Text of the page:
One of my best friends gave me this card when my father passed away in 2010. I keep it on my dresser as a reminder to myself that when things seem like they could not get more bleak, hopeless or feel more rock bottom, something will break and the sunlight will just come flooding in. I've really learned that there is beauty in tragedy and so much strength inside us all.
Steve was going through a couple of my mother's books and magazines and came across the most lovely list my mother had written in 2007 titled, "Things I love." I have scanned it here.
Doesn't it just make you smile? I mean, #4 "My Chickens and Their Songs,"
That's enough to melt your heart right there. She really loved the simple pleasures in life.
|My mother holding "Turkeena" her adolescent midget white heritage turkey|
|My mother weeding the flower beds with one of her 12 chickens|
|My mom shooting a gun off her deck New Years Eve 2011|
She will be missed tremendously. What might be the biggest loss is for the people who never had a chance to really know who this person was.
This is ther eulogy I wrote and read at my mother's service:
Never, Never, Never , Never give up is a saying by Winston Churchill and also my family’s motto. Our father Jim used to like to say this about everything difficult in life and we had this message framed for him for his desk. When my father became ill, and then my mother, this mantra became the driving force in which to keep our close family nit going.
Never giving up describes who Candy was as a person. She was also incredibly selfless, compassionate and kind. I always felt proud to have Candy as my mother. She truly was one of these people that was just as beautiful inside as she was outside. I realize all of us here have lost a mother, sister or a dear friend but what I might be most sad is that there are so many people who will never get to meet who she was, laugh hysterically with her or feel as good as she could make you feel.
When you think of Candy, you think of her 1000 watt smile and that gorgeous red hair. She was a beam of sunlight when she walked into a room . Candy was always cracking jokes and making faces and making up songs. We spoke on the phone every day, sometimes multiple times a day. We were closer than mother and daughter. She was one of my best friends.
Many people might not know, but Candy read a lot and if she wasn’t reading she was listening to books on tape or CD. She had to be constantly moving, whether it was keeping house, cooking or gardening, she wasn’t one to sit still. A trait instilled in all of us kids at an early age. We were never allowed to stay inside on a nice day- she didn’t make time to watch tv, it was wasting your life, bored people were boring people and by the looks of her sewing /craft room, SHE WAS NOT BORED! You would wonder when she would find time to make all the projects that she had on her list. I was jealous of her ease at sewing anything perfect, and if it wasn’t right the first, second or third time , she would rip out all the seams immediately and start again.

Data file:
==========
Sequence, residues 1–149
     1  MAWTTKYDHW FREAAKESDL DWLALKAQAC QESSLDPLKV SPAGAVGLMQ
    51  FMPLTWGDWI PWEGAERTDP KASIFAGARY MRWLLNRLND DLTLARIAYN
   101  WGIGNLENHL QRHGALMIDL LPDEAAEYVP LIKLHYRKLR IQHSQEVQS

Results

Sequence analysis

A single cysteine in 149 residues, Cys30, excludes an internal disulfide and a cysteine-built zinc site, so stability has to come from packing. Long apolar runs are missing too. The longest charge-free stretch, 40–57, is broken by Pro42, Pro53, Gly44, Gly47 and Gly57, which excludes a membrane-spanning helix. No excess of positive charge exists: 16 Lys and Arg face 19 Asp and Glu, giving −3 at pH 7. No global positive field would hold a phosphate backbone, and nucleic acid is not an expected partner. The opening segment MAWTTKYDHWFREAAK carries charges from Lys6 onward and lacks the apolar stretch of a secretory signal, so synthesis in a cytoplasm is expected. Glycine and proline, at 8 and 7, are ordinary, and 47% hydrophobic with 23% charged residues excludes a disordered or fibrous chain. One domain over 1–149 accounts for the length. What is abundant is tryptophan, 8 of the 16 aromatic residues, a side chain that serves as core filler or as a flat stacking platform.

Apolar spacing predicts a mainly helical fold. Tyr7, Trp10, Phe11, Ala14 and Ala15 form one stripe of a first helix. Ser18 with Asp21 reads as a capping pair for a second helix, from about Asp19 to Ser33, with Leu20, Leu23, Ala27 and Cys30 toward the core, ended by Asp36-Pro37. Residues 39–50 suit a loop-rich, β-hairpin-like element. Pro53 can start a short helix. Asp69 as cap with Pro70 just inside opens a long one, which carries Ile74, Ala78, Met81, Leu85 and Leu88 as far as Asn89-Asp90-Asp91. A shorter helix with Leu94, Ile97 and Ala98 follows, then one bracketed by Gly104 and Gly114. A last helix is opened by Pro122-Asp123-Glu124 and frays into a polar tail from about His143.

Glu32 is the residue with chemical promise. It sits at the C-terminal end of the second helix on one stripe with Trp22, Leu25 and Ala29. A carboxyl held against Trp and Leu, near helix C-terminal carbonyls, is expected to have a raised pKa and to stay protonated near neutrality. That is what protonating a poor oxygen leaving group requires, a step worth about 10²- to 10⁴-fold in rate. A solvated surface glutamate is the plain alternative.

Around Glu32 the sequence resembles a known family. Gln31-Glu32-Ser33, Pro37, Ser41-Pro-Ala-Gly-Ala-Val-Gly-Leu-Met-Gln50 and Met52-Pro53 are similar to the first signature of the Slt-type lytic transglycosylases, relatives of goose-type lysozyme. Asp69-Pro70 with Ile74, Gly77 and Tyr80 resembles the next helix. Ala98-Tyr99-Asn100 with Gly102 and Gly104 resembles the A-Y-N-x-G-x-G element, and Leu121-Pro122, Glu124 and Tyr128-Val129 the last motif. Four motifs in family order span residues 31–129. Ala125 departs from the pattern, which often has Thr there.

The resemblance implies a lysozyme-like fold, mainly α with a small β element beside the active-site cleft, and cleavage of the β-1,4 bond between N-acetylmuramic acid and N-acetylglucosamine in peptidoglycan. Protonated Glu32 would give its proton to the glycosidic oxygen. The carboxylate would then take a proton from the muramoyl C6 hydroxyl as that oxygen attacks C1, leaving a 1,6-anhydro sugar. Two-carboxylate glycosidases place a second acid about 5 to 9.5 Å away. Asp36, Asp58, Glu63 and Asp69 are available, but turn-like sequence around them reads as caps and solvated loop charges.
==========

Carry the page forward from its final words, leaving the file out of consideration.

Candy was also an incredible cook. Besides learning secrets from Step Mother’s Dolly and Sharon, she took several cooking classes at Uwajima, falling in love with Asian flavors. Even in her last months at her home, there wasn’t a week that went by where one of us kids or family caretakers watched the Barefoot Contessa, Giada or Paula Deen whip up something delicious on the Food Network next to Candy. She would say to me. “I really miss cooking,” when I get better, I’m going to make that. She loved biscuits and gravy, watermelon, cream sauced fresh pastas and all types of seafood. There is a running joke every time Candy cooked, it was “Candy Surprise” because she was always making some new recipe that she had never tried out of magazine or cookbook.
I use to tease my mother that she was secretly from Texas because she was always wearing really loud clothing to go with her already expressive hair color, big earrings and she loved southern-style food, including sweet tea, coconut and banana cream pies and most deep fried delicacies.
My mom use to wear this vintage A-line mustard yellow dress with a giant Pepsi bottle on it and the words “Pepsi, Come Alive!” in big bold letters. When she first acquired this dress I was mortified as a pre-teen. She would wear the dress to family reunions and to my embarrassment out in public! Now, it is one of the things I love most dearly about my mother, that dress.
Candy liked short-fat round things like chickens, hippos, Pillsbury Doughboy, pug dogs and frogs and of course, flowers of any kind.
I think of my mother as a modern-day Peter Pan, besides being a young mother, she was an incredibly youthful person in general. I’d ask her all the time what she wanted to be when she “grew up” and she said, “I don’t know, I just like making things, but more than anything I really wanted to be a mother.”